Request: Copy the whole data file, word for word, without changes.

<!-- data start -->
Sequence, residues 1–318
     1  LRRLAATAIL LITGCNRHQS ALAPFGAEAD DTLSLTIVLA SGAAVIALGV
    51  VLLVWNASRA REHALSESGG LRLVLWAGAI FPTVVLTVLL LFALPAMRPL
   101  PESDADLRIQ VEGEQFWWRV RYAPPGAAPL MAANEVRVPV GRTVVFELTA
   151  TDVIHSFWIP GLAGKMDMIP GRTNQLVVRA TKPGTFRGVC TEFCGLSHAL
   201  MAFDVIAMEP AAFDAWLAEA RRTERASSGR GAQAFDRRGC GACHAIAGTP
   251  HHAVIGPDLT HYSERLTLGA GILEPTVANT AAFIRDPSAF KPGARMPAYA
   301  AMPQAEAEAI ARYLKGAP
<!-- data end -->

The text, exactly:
Sequence, residues 1–318
     1  LRRLAATAIL LITGCNRHQS ALAPFGAEAD DTLSLTIVLA SGAAVIALGV
    51  VLLVWNASRA REHALSESGG LRLVLWAGAI FPTVVLTVLL LFALPAMRPL
   101  PESDADLRIQ VEGEQFWWRV RYAPPGAAPL MAANEVRVPV GRTVVFELTA
   151  TDVIHSFWIP GLAGKMDMIP GRTNQLVVRA TKPGTFRGVC TEFCGLSHAL
   201  MAFDVIAMEP AAFDAWLAEA RRTERASSGR GAQAFDRRGC GACHAIAGTP
   251  HHAVIGPDLT HYSERLTLGA GILEPTVANT AAFIRDPSAF KPGARMPAYA
   301  AMPQAEAEAI ARYLKGAP